|Gunung Kinabalu - Borneo and Malaysia Highpoint|
Gunung Kinabalu is the centerpiece of the eponymous national park in Sabah Province, Malaysia on Borneo. Claimed to be the youngest pluton on Earth, it is a geological "baby" at only 1.5 million years - quite young in the grand scheme. Not a volcano, Kinabalu is an immense mass of granite reaching high enough as to have been scoured by glaciers in past Ice Ages. Above 12,000 feet the rock is smooth, with obvious striations. There's even a mountain horn - all features signifying glacial passage.9
Declared a World Heritage Site, this 13,455 foot mountain is celebrated locally and nationally as a natural treasure - and the national park was built around it to encompass and so protect a panoply of indigenous flora and fauna.
Kinabalu is ranked number 20 on the Earth's Fifty Finest prominence list - easily the most prominent peak of our journies. As a national highpoint and one of the Seven Islands highpoints, these superlatives logically make it our most coveted goal. Seven Islands are the largest seven islands on Earth, starting with Greenland, and is an analog to the famed Seven Summits of mountaineering interest.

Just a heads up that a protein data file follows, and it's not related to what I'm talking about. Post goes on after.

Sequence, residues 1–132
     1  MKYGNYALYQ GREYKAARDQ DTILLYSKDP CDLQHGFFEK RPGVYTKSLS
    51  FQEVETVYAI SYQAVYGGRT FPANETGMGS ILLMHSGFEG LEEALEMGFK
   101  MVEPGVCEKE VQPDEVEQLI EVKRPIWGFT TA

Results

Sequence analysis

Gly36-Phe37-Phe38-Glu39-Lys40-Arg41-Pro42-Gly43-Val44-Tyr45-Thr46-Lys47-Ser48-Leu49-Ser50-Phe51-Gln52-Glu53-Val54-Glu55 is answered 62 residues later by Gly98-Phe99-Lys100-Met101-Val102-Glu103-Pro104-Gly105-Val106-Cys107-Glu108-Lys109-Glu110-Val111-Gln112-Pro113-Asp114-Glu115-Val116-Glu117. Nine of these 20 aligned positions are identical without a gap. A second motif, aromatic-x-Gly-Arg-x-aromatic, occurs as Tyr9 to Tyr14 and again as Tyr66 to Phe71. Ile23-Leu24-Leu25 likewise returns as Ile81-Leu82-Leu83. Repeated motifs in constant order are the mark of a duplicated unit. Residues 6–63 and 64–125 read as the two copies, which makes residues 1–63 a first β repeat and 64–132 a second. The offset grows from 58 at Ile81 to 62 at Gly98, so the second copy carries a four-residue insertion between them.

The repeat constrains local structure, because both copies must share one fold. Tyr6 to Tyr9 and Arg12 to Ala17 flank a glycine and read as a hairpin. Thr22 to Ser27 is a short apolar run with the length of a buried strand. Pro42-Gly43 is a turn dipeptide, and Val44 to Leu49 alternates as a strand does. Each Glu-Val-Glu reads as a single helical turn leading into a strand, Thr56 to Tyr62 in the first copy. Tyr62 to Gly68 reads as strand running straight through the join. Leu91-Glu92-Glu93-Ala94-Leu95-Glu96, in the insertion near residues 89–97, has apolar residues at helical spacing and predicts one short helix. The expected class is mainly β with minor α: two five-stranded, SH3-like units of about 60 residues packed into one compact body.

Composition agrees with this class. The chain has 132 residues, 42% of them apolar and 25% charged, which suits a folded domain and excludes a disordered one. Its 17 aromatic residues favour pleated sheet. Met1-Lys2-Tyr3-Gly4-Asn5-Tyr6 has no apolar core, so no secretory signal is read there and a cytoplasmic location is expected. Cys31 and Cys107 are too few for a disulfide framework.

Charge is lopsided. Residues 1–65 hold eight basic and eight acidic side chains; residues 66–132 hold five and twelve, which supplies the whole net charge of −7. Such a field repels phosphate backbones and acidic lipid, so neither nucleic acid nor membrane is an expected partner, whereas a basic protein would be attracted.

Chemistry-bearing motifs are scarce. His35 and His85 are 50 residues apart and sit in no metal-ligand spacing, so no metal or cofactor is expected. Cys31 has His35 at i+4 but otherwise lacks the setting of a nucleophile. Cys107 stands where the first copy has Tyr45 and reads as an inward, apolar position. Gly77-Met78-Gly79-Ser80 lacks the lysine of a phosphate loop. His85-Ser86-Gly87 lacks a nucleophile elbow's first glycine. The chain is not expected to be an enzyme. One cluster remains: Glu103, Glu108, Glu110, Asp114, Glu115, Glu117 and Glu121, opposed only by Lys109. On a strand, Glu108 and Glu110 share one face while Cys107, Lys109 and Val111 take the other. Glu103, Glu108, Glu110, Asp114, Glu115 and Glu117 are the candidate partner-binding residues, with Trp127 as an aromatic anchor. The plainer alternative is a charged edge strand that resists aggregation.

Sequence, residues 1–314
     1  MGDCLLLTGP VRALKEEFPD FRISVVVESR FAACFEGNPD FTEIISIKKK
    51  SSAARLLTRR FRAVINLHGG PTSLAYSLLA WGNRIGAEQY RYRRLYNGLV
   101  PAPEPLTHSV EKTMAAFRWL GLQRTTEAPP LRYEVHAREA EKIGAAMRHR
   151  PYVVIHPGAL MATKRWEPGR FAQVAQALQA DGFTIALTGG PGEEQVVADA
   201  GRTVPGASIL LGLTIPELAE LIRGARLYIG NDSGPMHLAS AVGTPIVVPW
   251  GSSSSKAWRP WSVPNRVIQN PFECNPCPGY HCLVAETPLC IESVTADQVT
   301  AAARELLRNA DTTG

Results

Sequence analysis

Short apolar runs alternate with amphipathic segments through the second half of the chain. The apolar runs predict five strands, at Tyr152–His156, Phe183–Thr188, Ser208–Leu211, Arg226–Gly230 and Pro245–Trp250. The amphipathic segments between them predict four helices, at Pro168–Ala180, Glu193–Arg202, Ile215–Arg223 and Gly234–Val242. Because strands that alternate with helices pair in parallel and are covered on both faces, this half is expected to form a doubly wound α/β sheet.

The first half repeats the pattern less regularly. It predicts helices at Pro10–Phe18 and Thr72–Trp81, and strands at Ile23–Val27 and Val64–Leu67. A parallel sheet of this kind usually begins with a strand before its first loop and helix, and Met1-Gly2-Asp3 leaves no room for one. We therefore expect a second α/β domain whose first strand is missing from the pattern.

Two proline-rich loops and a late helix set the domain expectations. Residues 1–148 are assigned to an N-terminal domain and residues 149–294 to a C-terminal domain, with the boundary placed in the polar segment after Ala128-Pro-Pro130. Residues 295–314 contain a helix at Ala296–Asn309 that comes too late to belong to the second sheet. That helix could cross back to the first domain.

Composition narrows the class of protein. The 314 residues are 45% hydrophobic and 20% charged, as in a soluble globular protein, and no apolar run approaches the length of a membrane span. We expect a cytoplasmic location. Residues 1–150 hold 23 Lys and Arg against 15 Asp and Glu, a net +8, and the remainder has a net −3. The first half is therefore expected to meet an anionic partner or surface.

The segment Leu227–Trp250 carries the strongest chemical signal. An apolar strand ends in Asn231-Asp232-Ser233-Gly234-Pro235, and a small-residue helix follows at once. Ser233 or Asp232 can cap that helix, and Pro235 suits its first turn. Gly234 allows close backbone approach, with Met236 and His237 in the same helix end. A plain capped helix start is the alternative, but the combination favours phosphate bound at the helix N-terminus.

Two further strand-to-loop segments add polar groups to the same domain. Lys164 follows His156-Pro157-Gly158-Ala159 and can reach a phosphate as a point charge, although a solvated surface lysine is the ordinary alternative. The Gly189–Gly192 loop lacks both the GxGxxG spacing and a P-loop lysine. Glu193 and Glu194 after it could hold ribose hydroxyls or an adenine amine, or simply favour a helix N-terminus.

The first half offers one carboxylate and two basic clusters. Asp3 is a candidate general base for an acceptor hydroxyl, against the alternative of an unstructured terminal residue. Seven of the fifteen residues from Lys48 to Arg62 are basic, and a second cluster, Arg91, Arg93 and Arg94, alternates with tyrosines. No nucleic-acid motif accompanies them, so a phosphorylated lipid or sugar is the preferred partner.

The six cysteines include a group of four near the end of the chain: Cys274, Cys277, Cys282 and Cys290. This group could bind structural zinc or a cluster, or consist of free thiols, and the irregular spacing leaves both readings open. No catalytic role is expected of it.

Kinabalu trailhead with
Robert (right), guide, and Adam (left).
Tourists also climb the peak, and this, together with a hard-limit of 130 hikers allowed to summit each day, makes for a tricky upper hut reservation system.
From the Park entrance it is some 8,000 feet of vertical gain - of which 1,000 feet can be shaved-off by taking a park bus to road's end. Still, climbing (and descending) 7,000 feet in one day is beyond the ability of nearly all hikers - and especially tourists who generally haven't much experience in these matters.
Thereby a set of huts sit at just over 11,000 feet, and one is expected to sleep there prior to a 3 a.m. start for the summit. For permission to climb the peak one must have reservations at these Laban Rata huts.
Typical trail conditions
below the Laban Rata huts.
Basically, no reservations translates to no summit, and we were unaware of this prior to making flight arrangements. Indeed, the tightness of room availability exceeds that of seats on international flights. Therefore it is advised that one secure hut reservations and then purchase airplane tickets - topsy-turvy compared with how one normally arranges a long journey.
There is one exception. If one can convince the park authorities that one is sufficiently fit, the peak may be climbed in a single day, i.e. without having to sleep at the upper huts. Furthermore, camping on the mountain is prohibited - were it to be allowed, one could have a two-day climb without hut reservations. Red tape. I hate it.